Thirsty Sands (Part 5)


Thirsty Sands (Part 5)

Jafar Rabiei

Design: Ali Vaziri

First published in 1991

Publishing House, Islamic Propagation Organization

Printed at the Aryan


I only realized that they had been surprised at my being alive and, shouting and yelling, called other soldiers. All of them came along and surrounded me. The second time I opened my eyes. I realized they were Iraqi troops. The pain of wounds and thirst on the one hand and seeing the Iraqis on the other, made me forget my pain. I was embarrassed in that condition and fear had overtaken me. I knew I was before a bestial enemy. I stared at each of them standing beside me. I did not know what they were going to do. It came to my mind that the first thing they would do was to extract necessary information from the positions and the objectives of our forces, and try to find out in how many stages the operations would be carried out and how long the Islamic forces would continue their advances. They then would ask for the names of our combatants, and in general get whatever information to be obtained from enemy force and then, of course, kill me. At the same moment I felt that I should from now on change my style of struggle. As long as I was fighting with firearms I knew I had to target the heart of the enemies of our nation and Islam. But what should have I done now? I had realized the necessity of changing the method of battle, but I did not know how to get about it. I was thinking that reactions to show when I heard an Iraqi sergeant, sitting beside me, saying in Arabic words “La Takhaf ... La Takhaf!” I understood that he was saying, “Don’t fear... Don’t fear.” Then he expressed some fractured words of semi-Farsi with a mixture of Arabic words to make me understand his points. “My name is Ahmad Karbalai.”, “What is your name?” he asked.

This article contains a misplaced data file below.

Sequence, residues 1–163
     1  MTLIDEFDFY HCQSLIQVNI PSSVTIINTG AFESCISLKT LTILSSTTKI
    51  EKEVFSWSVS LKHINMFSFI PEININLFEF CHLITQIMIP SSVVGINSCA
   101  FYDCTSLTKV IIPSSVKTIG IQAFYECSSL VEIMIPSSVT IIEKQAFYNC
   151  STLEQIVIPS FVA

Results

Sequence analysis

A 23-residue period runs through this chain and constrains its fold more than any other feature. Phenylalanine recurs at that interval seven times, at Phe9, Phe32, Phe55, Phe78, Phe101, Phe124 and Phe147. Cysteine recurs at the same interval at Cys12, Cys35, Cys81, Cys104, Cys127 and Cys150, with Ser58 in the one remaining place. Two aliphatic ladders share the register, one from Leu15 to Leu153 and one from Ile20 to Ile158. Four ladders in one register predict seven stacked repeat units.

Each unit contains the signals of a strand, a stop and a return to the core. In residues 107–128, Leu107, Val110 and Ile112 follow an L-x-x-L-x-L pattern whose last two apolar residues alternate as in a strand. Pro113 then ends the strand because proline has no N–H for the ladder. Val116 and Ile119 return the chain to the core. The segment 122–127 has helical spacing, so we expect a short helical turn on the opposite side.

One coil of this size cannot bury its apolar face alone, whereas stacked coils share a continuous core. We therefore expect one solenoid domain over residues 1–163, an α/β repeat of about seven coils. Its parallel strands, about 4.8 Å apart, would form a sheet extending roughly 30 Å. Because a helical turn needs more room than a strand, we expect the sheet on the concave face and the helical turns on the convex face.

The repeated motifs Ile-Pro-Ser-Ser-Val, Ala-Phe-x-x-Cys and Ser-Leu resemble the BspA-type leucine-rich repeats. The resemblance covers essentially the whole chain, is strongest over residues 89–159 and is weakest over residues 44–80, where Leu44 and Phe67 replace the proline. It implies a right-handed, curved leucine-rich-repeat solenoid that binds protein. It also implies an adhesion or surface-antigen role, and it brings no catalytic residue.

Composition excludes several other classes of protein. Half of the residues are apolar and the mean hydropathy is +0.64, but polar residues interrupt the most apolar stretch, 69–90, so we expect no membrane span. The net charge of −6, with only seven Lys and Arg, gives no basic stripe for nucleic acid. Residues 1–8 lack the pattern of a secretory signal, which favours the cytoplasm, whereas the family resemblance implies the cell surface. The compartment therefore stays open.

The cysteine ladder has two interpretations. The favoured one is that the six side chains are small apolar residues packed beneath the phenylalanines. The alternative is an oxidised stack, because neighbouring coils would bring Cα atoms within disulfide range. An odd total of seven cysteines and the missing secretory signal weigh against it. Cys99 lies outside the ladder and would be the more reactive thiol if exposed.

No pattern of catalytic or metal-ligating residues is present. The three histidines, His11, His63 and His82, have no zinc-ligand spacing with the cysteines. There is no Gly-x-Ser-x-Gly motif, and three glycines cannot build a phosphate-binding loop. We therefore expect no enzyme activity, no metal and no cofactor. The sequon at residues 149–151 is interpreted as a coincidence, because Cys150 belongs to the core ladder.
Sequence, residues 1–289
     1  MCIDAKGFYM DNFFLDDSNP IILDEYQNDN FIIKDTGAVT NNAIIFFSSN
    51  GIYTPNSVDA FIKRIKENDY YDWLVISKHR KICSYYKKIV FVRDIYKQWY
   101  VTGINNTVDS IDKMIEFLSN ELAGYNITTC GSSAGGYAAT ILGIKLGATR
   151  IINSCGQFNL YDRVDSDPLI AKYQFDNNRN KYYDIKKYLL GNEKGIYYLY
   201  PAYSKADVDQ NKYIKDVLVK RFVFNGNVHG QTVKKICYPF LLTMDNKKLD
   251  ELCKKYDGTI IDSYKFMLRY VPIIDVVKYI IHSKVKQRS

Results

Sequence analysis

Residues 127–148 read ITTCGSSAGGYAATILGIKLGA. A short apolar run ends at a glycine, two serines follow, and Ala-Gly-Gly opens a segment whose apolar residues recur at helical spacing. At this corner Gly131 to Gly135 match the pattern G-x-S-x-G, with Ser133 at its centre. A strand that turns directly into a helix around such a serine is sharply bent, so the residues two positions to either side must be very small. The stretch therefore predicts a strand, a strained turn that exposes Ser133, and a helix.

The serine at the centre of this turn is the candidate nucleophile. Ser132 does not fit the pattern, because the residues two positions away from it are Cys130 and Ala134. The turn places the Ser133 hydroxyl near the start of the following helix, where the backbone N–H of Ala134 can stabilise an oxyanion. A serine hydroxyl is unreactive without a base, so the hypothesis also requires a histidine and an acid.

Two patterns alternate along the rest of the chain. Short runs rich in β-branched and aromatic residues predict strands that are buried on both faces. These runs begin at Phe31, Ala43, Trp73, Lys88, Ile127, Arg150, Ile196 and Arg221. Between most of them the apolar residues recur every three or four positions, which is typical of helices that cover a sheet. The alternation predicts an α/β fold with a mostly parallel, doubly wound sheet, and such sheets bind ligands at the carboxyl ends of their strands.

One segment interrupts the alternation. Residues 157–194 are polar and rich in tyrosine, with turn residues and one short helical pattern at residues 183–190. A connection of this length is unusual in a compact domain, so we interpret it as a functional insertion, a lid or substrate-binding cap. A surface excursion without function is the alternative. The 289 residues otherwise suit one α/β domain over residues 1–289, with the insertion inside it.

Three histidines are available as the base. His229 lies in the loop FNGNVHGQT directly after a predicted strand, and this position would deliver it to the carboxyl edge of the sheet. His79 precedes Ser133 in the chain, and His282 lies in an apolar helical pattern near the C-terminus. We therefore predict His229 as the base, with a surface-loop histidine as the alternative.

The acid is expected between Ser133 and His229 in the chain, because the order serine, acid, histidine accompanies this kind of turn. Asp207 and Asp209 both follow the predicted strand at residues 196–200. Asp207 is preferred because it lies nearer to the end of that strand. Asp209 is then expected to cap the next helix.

“Jafar Rabi’I”, I replied faintly.

“Don’t be afraid; we will take you to Baghdad in our vehicle for treatment,” he said.

They constantly spoke to me in Arabic. But I did not understand their words. After nearly 15 minutes, they brought a stretcher to transfer me to their bunkers. On the way, I was crossing their positions and a mass of barbed wire when I realized the value of the epic deeds and selflessness of the Islamic combatants who landed on the enemy in utter darkness like a thunder, surmounting and advancing over all these obstacles and surprising the peoples of the world. They put me down on the ground next to the bunker besides their camp. The other Iraqis who were there amazedly gathered around me. Each of them tried to tell me something, but I didn’t understand. Among them were some with completely black skin more resembling Africans than residents of Iraq or even any country of southwestern Asia. My curiosity was aroused and I asked them where they were from.

“Sudan”, said one of them.

I said in a tone of sarcasm, “Jafar Numeiri?”

“Yes”, he replied.

At the first hour they did not go for from me for a single moment and it was something new to t hem to have a POW at hand, from whom they could ask whatever question they wished. Of course, it was natural to me. At first one of them began questioning me in the following words:

“Are you a member of (Imam) Khomeini’s Islamic Revolutionary Guards Corps?”